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What are the different types of APIs?


There are many different typologies and classifications of APIs, but the most popular are two: Classification of APIs based on Architecture/Protocols and Classification of APIs based on accessibility/intended use. Let's get familiar with types distinguished by both classifications.

REST API: REST (Representational State Transfer) API is an architectural style for building web services that allow clients to interact with server resources through a uniform interface. REST is an HTTP-based protocol and is the most widely used standard for creating APIs for web applications. In a REST API, each resource is identified by a unique URI (Uniform Resource Identifier), and clients can use HTTP methods such as GET, POST, PUT, and DELETE to perform operations on the resources and typically return data in JSON or XML format. REST APIs are stateless, which means that each request from the client contains all the necessary information for the server to process the request. The server does not maintain any state information between requests, which makes the API scalable and easier to manage. REST APIs are popular due to their simplicity, scalability, and ease of use. They can be accessed from any programming language or platform that supports HTTP and can be easily integrated into web applications, mobile apps, and other systems.

Examples: Twitter API; Google Maps API; GitHub REST API.

SOAP API: SOAP (Simple Object Access Protocol) is a messaging protocol used for exchanging structured information between applications over the internet. It is an XML-based protocol that defines a standard format for messages and uses HTTP or other transport protocols to send those messages between applications. In a SOAP API, the client sends a request to a server using a SOAP message, which is an XML document that includes the method to be called, any parameters required for the method, and any necessary authentication or security information. The server then processes the request and returns a SOAP response, which is also an XML document containing the results of the requested method. SOAP APIs can be more complex than other types of APIs, such as REST APIs, due to their reliance on XML and the need for additional security measures. However, SOAP APIs are still widely used in enterprise-level applications and systems, where the standardized message format and security features can be beneficial.

Examples: eBay Trading API; PayPal SOAP API.

GraphQL API: This is a newer type of API that was developed by Facebook. It allows clients to specify exactly what data they need and receive that data in a single request. This makes it more efficient than traditional REST APIs, where clients often have to make multiple requests to fetch all the data they need. With GraphQL, the client specifies the desired data structure using a query language, and the server responds with a JSON object containing the requested data. The server defines a schema that describes the data available, and the client can query that schema to retrieve data. The schema can also define mutations, which are operations that modify data on the server. GraphQL has gained popularity due to its flexibility, efficiency, and intuitive nature, which allow developers to easily retrieve only the data they need, reducing network traffic and improving performance. It also allows for strong type checking and schema validation, which helps catch errors early in development.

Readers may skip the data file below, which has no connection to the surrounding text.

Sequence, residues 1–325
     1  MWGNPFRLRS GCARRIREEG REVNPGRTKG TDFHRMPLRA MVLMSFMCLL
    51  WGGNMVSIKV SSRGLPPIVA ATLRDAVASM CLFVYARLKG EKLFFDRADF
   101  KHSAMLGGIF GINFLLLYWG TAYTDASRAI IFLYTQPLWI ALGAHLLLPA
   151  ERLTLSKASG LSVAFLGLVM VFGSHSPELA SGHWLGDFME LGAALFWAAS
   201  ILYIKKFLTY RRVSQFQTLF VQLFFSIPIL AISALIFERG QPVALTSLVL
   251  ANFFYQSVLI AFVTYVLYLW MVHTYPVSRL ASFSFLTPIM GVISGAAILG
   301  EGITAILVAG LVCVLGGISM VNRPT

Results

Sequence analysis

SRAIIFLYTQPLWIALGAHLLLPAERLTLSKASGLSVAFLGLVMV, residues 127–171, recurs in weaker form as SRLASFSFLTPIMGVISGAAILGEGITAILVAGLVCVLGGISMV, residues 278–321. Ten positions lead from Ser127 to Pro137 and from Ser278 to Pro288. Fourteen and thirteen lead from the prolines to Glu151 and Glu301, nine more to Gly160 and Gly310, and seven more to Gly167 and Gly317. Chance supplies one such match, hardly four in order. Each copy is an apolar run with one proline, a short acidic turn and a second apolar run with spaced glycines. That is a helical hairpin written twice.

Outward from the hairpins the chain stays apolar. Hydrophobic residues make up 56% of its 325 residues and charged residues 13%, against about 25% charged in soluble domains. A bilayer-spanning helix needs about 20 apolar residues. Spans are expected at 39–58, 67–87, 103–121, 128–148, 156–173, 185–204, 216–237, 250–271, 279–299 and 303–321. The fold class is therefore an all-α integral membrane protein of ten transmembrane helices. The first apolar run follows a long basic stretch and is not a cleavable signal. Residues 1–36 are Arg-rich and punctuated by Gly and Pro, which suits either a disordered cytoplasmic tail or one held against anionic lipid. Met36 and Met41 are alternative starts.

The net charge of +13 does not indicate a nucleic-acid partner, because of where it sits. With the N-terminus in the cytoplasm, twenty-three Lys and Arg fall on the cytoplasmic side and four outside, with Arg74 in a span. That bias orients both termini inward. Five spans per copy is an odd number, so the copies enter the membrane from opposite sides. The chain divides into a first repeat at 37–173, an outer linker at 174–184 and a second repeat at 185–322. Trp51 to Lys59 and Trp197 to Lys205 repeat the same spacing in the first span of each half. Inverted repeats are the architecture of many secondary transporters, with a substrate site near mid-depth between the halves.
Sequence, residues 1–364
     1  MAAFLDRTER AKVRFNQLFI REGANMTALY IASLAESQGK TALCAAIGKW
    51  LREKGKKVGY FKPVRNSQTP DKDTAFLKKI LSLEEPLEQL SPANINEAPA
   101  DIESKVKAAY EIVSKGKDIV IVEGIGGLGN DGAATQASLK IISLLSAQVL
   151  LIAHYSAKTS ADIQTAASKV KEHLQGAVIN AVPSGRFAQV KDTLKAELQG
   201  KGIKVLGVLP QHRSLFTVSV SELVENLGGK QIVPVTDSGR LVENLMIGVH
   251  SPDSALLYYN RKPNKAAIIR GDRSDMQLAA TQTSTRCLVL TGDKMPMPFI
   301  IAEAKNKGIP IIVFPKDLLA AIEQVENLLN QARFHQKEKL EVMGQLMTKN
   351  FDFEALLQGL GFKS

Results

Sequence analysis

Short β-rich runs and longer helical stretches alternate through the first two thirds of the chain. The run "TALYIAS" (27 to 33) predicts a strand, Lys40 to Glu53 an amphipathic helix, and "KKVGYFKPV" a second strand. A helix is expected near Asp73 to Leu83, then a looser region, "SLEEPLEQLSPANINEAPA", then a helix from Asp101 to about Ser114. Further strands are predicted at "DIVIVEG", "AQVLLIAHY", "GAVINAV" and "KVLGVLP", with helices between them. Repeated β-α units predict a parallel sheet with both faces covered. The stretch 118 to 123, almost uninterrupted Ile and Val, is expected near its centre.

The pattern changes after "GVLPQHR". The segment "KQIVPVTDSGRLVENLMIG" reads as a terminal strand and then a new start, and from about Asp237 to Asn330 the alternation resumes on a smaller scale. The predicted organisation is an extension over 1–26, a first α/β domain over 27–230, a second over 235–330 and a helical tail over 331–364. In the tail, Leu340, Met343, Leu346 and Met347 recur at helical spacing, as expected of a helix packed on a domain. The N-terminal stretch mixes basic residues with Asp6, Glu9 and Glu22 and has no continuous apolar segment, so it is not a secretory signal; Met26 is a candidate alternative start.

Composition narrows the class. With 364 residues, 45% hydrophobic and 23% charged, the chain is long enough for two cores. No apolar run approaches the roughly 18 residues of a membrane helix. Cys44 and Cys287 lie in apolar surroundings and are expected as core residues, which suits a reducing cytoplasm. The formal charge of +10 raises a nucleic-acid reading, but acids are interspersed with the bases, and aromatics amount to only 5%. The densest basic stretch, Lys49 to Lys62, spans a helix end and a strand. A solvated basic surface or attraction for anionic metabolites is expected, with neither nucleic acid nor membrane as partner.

Examples: Facebook Graph API; GitHub GraphQL API; Shopify API.

Private APIs: also known as Internal APIs are used within an organization or system to enable communication between different parts of the same system. They are not exposed to external parties or third-party developers, and their main purpose is to facilitate integration and collaboration between different parts of the internal system. Internal APIs may not have the same usage limits or documentation as public APIs, as they are typically only used by internal developers who are familiar with the system.

Public APIs: also known as Exposed APIs or External APIs are designed to be used by external parties or third-party developers to access the functionality of an application or service. These APIs are made available through a developer portal or documentation website and are often subject to usage limits and terms of service. The main goal of public APIs is to enable developers to build applications that can communicate with and leverage the functionality of the underlying application or service. All examples of APIs that we have given above in the Classification of APIs based on Architecture/Protocols are examples of public APIs: Twitter API; Google Maps API; eBay Trading API; Facebook Graph API.

There are many different typologies and classifications of APIs, but the most popular are two: Classification of APIs based on Architecture/Protocols and Classification of APIs based on accessibility/intended use.

According to the Classification of APIs based on Architecture/Protocols, the following types are distinguished: REST APIs; SOAP APIs; GraphQL APIs. These are just a few examples of the many different types of APIs based on architecture/protocols. The choice of API architecture or protocol often depends on the specific needs of the application or system being developed, as well as the skills and preferences of the development team.

According to the Classification of APIs based on accessibility/intended use, the following types are distinguished: Private APIs; Public APIs. Public APIs are designed for external developers to access and use the functionality of an application or service, while internal APIs are used internally within an organization or system to facilitate communication and integration between different parts of the system.

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